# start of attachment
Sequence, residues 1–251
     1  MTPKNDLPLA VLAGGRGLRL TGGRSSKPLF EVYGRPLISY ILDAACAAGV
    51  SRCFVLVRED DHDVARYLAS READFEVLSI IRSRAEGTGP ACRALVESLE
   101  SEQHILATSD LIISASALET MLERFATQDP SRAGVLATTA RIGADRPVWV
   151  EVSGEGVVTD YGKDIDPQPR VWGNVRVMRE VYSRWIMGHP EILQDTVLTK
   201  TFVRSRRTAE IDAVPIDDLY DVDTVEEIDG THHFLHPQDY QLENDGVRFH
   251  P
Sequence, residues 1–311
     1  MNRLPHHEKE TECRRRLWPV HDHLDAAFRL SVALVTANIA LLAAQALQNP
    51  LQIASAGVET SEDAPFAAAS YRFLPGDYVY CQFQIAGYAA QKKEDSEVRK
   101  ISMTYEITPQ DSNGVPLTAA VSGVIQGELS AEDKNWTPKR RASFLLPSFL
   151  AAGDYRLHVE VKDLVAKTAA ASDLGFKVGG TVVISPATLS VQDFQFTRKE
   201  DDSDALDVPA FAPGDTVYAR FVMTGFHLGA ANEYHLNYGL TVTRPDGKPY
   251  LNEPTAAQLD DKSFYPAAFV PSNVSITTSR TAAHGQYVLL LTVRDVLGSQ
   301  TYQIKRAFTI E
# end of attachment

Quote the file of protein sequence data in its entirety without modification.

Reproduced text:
Sequence, residues 1–251
     1  MTPKNDLPLA VLAGGRGLRL TGGRSSKPLF EVYGRPLISY ILDAACAAGV
    51  SRCFVLVRED DHDVARYLAS READFEVLSI IRSRAEGTGP ACRALVESLE
   101  SEQHILATSD LIISASALET MLERFATQDP SRAGVLATTA RIGADRPVWV
   151  EVSGEGVVTD YGKDIDPQPR VWGNVRVMRE VYSRWIMGHP EILQDTVLTK
   201  TFVRSRRTAE IDAVPIDDLY DVDTVEEIDG THHFLHPQDY QLENDGVRFH
   251  P
Sequence, residues 1–311
     1  MNRLPHHEKE TECRRRLWPV HDHLDAAFRL SVALVTANIA LLAAQALQNP
    51  LQIASAGVET SEDAPFAAAS YRFLPGDYVY CQFQIAGYAA QKKEDSEVRK
   101  ISMTYEITPQ DSNGVPLTAA VSGVIQGELS AEDKNWTPKR RASFLLPSFL
   151  AAGDYRLHVE VKDLVAKTAA ASDLGFKVGG TVVISPATLS VQDFQFTRKE
   201  DDSDALDVPA FAPGDTVYAR FVMTGFHLGA ANEYHLNYGL TVTRPDGKPY
   251  LNEPTAAQLD DKSFYPAAFV PSNVSITTSR TAAHGQYVLL LTVRDVLGSQ
   301  TYQIKRAFTI E